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To clarify my title, I need a way to determine that an object is not a String, Number, Boolean, or any other predefined JavaScript object. One method that comes to mind is this:

if(!typeof myCustomObj == "string" && !typeof myCustomObj  == "number" && !typeof myCustomObj == "boolean") {

I could check to see if myCustomObj is an object, like this:

if(typeof myCustomObj == "object") {

This only works for primitive values, though, as this typeof new String("hello world") == "object") is true.

What is a reliable way to determine whether or not an object is not a predefined JavaScript object?

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2  
    
Now that's just not fair, how could I have known that checking an object's name would lead to me finding its type? I wouldn't have searched for "get name", I would have searched for "get type". :I –  Elliot Bonneville Apr 27 '12 at 20:49
    
I just searched for "javascript type of object". –  squint Apr 27 '12 at 20:51
    
Huh, didn't show up for me. Thanks for the other links, and sorry for asking a dup. question. –  Elliot Bonneville Apr 27 '12 at 20:52
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2 Answers

up vote 5 down vote accepted

Here's is how jQuery does it in jQuery.isPlainObject()

function (obj) {
    // Must be an Object.
    // Because of IE, we also have to check the presence of the constructor property.
    // Make sure that DOM nodes and window objects don't pass through, as well
    if (!obj || jQuery.type(obj) !== "object" || obj.nodeType || jQuery.isWindow(obj)) {
        return false;
    }

    try {
        // Not own constructor property must be Object
        if (obj.constructor && !hasOwn.call(obj, "constructor") && !hasOwn.call(obj.constructor.prototype, "isPrototypeOf")) {
            return false;
        }
    } catch(e) {
        // IE8,9 Will throw exceptions on certain host objects #9897
        return false;
    }

    // Own properties are enumerated firstly, so to speed up,
    // if last one is own, then all properties are own.
    var key;
    for (key in obj) {}

    return key === undefined || hasOwn.call(obj, key);
}
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1  
It's pretty weak, I think, that the mere presence of a property called "nodeType" would make that function return false. (That's a comment about jQuery, not about your answer :-) –  Pointy Apr 27 '12 at 20:42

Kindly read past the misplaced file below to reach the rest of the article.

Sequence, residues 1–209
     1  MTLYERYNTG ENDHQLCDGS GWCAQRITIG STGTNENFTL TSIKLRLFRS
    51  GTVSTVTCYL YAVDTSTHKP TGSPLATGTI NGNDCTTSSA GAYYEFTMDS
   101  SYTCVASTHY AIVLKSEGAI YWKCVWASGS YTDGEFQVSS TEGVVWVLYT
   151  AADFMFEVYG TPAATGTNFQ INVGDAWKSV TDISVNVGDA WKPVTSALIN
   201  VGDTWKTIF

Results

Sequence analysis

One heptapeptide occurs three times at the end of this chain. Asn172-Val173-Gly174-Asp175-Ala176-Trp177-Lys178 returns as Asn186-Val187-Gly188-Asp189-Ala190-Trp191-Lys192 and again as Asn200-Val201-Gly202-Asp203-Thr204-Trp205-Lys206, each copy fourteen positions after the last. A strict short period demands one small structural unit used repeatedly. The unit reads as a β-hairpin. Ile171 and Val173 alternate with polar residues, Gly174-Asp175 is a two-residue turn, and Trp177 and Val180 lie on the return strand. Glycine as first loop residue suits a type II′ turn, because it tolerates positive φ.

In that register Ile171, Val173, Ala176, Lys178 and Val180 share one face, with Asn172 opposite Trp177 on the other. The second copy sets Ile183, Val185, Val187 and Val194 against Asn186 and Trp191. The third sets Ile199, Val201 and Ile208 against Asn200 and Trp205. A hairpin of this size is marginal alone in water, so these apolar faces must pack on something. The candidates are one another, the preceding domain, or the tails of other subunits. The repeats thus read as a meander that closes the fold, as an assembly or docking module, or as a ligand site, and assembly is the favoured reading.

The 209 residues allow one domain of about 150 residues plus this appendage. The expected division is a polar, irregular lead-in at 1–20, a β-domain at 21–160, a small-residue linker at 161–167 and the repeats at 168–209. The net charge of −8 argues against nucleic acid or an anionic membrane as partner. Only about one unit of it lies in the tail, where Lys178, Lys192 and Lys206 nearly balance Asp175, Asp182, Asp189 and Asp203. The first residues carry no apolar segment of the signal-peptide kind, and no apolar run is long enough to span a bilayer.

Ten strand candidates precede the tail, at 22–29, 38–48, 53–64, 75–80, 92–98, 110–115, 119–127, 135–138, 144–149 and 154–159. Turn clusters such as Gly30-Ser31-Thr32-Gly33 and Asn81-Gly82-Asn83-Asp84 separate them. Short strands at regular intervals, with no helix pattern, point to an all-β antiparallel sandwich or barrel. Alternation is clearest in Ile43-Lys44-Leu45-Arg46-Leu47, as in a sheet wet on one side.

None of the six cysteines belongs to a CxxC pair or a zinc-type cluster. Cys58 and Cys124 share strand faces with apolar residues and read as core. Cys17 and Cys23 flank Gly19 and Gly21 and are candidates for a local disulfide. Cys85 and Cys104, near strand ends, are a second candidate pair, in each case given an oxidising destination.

This calls other jQuery functions as well though, particularly jQuery.type. Any change you could dig that function out as well? Thanks. –  Elliot Bonneville Apr 27 '12 at 20:42
1  
@ElliotBonneville: Check out the jQuery source viewer. It'll link to the other jQuery functions :-P –  Rocket Hazmat Apr 27 '12 at 20:43
    
Oh wow, didn't know that existed. Very cool, thanks! –  Elliot Bonneville Apr 27 '12 at 20:45
2  
@Rocket yes, it's pretty clear that it would from the code above. I would kind-of understand if the name "nodeType" were something really exotic (or more specific, like "W3CDomNodeType" maybe), but "nodeType" is something one could easily use unwittingly. –  Pointy Apr 27 '12 at 20:57
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You can use the "toString" functon on the Object prototype:

var typ = Object.prototype.toString.call( someTestObject );

That gives answers like "[object String]" or "[object Date]" for the built-in types. Unfortunately you can't distinguish that way between things created as plain Object instances and things made with a constructor, but in a sense those things aren't really that much different anyway.

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Unfortunately, I need to detect plain Object instances that have custom properties on them as different from built-in types as well, so I don't know if this will work for me. –  Elliot Bonneville Apr 27 '12 at 20:46
    
The answer with the jQuery approach is pretty thorough. –  Pointy Apr 27 '12 at 20:49
    
Object.prototype.toString.call($()) returns [object Object], but $.isPlainObject($()) returns false. Just FYI :-P +1 for this, it should work in most cases, unless you need to be really specific. –  Rocket Hazmat Apr 27 '12 at 20:50
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